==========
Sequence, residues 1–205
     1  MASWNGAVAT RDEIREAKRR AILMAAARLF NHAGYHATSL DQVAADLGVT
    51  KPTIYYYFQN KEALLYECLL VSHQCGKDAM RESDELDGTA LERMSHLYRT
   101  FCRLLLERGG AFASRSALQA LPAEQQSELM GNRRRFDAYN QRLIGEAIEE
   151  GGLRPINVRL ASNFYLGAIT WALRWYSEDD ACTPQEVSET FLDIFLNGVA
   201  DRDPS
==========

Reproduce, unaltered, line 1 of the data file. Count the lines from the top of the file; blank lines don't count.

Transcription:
Sequence, residues 1–205